Review

Review

FEARNET Movie Review: 'The Sacrament'

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The SacramentYou think you know what to expect from Ti West by now. Like many horror movie nutcases, you saw The Innkeepers and/or House of the Devil, and maybe you went back and dug up The Roost and Trigger Man. Hell, you could have even given Cabin Fever 2 a fair shot. (Big mistake.) But if you think you know all of Ti West's tricks, well, prepare to be pleasantly surprised -- because the man's latest indie chiller may just be his darkest, deepest, and freakiest feature so far. It's called The Sacrament, it's one of those new-fangled "found footage" presentations, and it's another shining example of how you can cook up a truly haunting piece of horror with only a handful of cameras, a few good actors, a realistically creepy premise, and some subtle but obvious craftsmanship behind the camera.

 
Like most of Mr. West's films, The Sacrament demands a little patience from its viewer -- but those who are willing to play along with the filmmaker's style will often be treated to some very satisfying pay-offs. This time around the "slow burn" set-up involves a trio of investigative journalists who are flown to an undisclosed location to help "rescue" a young woman from a mysterious commune. But after Sam (AJ Bowen), Jake (Joe Swanberg), and Patrick (Kentucker Audley) butt heads with gun-toting security guards and then discover that Caroline (Amy Seimetz) doesn't seem to need rescuing, they go about documenting the weird but peaceful Eden Parish commune for their Vice blog.
 
Things go from tense to calm to legitimately messed up once the communal patriarch known simply as "The Father" agrees to an interview with Sam. Let's just close the plot synopsis right there, reiterate that this is indeed a slow-paced (but not boring) piece of scary storytelling, and perhaps offer the opinion that this is Ti West's darkest, smartest, and most gut-punch memorable film to date. What's often referred to as a "slow burn" could be better described as "waiting for the other shoe to drop," and that's doubly accurate in the case of The Sacrament
 
We all know that something terrible is going to happen; we just don't know when, how, or why. As in his last two films, West seems to know precisely what the audience is expecting, and he takes great delight in subverting their wishes and making them wait -- and then wait a little more -- for all hell to break loose. What some may see as "slow and uneventful storytelling" I see as "subtle and masterfully sustained suspense." Not all horror films have to be paced like action movies, so it's nice to note that at least one of genre's more prolific young directors bucks the formulaic trends and makes films for people who aren't in a huge hurry to get to the payoffs.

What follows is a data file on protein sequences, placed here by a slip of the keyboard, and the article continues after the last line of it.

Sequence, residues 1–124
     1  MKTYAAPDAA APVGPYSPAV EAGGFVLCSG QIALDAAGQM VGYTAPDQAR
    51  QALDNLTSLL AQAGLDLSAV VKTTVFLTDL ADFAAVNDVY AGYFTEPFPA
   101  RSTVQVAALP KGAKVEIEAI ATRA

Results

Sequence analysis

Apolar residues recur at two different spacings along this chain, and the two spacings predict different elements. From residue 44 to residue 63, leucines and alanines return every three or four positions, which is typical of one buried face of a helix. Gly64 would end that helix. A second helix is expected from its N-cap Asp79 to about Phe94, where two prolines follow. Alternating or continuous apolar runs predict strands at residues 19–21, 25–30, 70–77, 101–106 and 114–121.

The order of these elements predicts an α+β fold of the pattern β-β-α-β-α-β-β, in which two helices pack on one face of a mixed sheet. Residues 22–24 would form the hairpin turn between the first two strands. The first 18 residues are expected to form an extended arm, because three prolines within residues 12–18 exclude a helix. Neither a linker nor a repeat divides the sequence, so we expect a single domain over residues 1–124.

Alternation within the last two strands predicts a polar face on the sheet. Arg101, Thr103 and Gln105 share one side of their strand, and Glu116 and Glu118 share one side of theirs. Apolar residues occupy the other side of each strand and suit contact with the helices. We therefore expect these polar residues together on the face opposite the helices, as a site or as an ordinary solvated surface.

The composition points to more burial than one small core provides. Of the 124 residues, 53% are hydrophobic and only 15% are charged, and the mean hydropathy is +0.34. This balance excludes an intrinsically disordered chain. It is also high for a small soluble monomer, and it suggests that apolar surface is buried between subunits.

In addition to fine work from indie stalwarts Bowen, Swanberg, and Seimetz, The Sacrament features a malevolently memorable performance from Gene Jones as "Father." The flick also features a deeply effective musical score from Tyler Bates, some very clever editing for a "faux documentary" film, and some rather novel techniques for "first person" cinematography. 
 
Best of all, The Sacrament offers a believable reason as to why these guys would keep shooting footage once things get dangerously out of control. If you can't give the viewer a good reason as to why the cameras are still rolling once all the found footage freakiness kicks in, your movie probably isn't all that interesting. The Sacrament is not only interesting, but often fascinating, challenging, and (before all is said and done) more than a little disturbing. 
 
Like I said earlier: if you sit down prepared to be a little bit patient (it's not even a very long movie!) there's a good chance you'll appreciate the mystery, the suspense, the shocks, and the payoffs that The Sacrament has to offer. With all due respect to The Innkeepers and House of the Devil -- two very good thrillers -- The Sacrament may be Ti West's angriest, cleverest, and most accomplished feature yet. 
 

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